Best Chocolate Mousse in Paris

Ok, that's probably an understatement. The five single origin selections of chocolate at Chapon's Paris mousse bar are probably the best in the world! That might be because of the tantalizingly rich ingredients that go inside: pure single origin chocolate, sugar, egg yolks, vanilla and heavy cream.

Because cacao beans pick up their flavor profile from the terroir (climate, soil and geography), each mousse offered by the chocolatier Chapon is unique...remember, these aren't added flavor ingredients folks, these are chocolate flavor profiles coming from the soil, the species of cacao bean, the fermentation time and the roasting levels.

Trinitario and Criollo beans are the most rare and the most complex in flavor. Most mass produced chocolate comes from the hardy Forastero cacao plant that is easy to grow on mega plantations but that bean's flavor profile is bland without any complexity. Fine chocolate is like wine, artisanal crafting can make one's taste buds scream "MORE MORE" of that yummy chocolate please. Fine chocolate is pricey because criollo beans make up less than 5% of the world's production. Criollo largely comes from Venezuela which has its own political and economic issues at the moment so saving these precious trees leftover from the Aztec-Mayan cultures is a low priority.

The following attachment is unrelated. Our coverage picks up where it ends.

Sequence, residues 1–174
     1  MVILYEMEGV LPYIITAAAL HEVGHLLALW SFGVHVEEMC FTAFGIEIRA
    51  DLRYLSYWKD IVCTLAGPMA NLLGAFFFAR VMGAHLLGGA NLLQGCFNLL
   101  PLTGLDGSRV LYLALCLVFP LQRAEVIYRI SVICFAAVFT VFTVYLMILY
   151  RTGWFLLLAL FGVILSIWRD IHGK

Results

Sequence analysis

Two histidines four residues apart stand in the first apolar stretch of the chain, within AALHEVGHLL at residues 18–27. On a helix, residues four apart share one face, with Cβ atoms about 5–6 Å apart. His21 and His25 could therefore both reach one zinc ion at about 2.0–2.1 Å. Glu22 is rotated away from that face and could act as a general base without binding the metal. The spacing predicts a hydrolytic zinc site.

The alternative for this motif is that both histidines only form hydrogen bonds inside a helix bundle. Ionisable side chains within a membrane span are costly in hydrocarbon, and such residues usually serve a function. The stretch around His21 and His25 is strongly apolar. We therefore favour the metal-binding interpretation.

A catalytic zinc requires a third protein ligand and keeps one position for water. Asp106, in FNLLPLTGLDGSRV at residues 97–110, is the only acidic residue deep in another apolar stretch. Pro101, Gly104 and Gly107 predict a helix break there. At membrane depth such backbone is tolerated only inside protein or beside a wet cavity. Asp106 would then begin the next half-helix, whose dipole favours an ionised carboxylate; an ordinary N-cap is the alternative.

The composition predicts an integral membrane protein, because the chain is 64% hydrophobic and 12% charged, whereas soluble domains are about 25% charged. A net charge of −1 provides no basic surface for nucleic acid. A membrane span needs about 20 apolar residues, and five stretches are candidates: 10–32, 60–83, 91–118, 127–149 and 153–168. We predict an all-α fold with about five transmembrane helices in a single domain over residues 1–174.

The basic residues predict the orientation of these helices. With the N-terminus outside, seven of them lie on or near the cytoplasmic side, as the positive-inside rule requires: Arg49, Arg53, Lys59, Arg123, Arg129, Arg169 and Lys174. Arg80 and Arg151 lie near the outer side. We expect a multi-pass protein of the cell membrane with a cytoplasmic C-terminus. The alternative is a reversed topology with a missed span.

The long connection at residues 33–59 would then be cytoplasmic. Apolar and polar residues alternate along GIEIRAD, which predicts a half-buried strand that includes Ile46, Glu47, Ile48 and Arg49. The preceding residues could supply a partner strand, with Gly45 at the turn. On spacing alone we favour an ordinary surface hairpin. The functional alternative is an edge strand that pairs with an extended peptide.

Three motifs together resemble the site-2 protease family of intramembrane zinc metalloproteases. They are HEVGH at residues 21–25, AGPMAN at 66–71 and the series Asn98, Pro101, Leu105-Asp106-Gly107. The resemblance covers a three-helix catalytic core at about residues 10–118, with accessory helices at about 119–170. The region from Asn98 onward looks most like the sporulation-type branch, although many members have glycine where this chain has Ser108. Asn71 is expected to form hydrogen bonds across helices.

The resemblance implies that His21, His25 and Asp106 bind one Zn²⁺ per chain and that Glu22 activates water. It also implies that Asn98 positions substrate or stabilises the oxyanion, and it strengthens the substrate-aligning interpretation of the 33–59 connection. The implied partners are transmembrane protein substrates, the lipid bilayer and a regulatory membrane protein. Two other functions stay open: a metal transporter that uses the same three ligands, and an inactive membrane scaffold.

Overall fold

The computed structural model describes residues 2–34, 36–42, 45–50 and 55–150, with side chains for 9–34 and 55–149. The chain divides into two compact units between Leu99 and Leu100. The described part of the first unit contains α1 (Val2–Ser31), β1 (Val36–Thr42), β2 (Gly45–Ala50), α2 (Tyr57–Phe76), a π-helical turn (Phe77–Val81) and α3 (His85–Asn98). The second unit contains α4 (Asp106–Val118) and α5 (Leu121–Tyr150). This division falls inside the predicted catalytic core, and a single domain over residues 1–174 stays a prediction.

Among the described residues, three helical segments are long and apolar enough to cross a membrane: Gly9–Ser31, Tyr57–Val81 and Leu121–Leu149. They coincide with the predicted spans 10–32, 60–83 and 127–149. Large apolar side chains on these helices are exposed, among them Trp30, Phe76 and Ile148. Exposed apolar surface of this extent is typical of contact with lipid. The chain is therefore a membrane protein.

The chocolate in Chapon's mousse bowls comes from 4 - 5 countries - currently: Venezuela, Ecuador, Peru, 100 percent and Madagascar. The Venezuela version is actually VEGAN chocolate because it's made with almond milk...don't worry it's just as rich as the other ones, I could barely finish my cone yesterday so a friend had to help.

Chapon's description of the chocolate profile of the Ecuador mousse is, "Powerful fruity nose. Flower flavor like jasmine, fig and sugared citrus fruit. Round in the mouth with good bitterness and acidity."

Hint: That HERSHEY, MARS or NESTLE bar in the vending machine near you is cheap because it contains a little bit of that flat-tasting Forastero cacao powder, artificial vanilla, artificial flavor plus a type of fat called "PGPR".

I audited food companies for 15 years and know that steps are taken to make processed food as cheap as possible, so in this case, the heart healthy cacao butter gets sold at a premium to the cosmetics industry and in its place is inserted PGPR. PGPR is a yellowish, viscous liquid composed of polyglycerol esters of polycondensed fatty acids from castor oil. You remember why grandma told you to drink castor oil right?

Go for the gold. Eat Chapon's chocolate mousse the next time you're in Paris!

For the Love of Chocolate!